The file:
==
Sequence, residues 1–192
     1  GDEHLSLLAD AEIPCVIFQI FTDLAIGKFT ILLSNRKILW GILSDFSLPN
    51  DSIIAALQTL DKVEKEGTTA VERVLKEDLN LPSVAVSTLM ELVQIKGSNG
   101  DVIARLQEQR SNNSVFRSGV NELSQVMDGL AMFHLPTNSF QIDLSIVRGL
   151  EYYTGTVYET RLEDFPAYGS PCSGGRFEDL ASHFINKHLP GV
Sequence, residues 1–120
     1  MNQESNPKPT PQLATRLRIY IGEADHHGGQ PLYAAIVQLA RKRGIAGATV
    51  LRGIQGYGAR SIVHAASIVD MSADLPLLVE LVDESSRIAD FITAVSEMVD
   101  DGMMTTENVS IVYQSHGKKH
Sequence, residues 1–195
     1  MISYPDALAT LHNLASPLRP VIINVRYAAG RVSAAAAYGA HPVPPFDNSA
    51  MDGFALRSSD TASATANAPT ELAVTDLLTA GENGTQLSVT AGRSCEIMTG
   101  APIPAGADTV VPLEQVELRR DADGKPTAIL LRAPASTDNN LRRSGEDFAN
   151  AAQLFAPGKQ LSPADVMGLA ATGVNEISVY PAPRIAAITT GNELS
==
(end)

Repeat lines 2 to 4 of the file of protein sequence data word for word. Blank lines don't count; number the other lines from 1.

     1  GDEHLSLLAD AEIPCVIFQI FTDLAIGKFT ILLSNRKILW GILSDFSLPN
    51  DSIIAALQTL DKVEKEGTTA VERVLKEDLN LPSVAVSTLM ELVQIKGSNG
   101  DVIARLQEQR SNNSVFRSGV NELSQVMDGL AMFHLPTNSF QIDLSIVRGL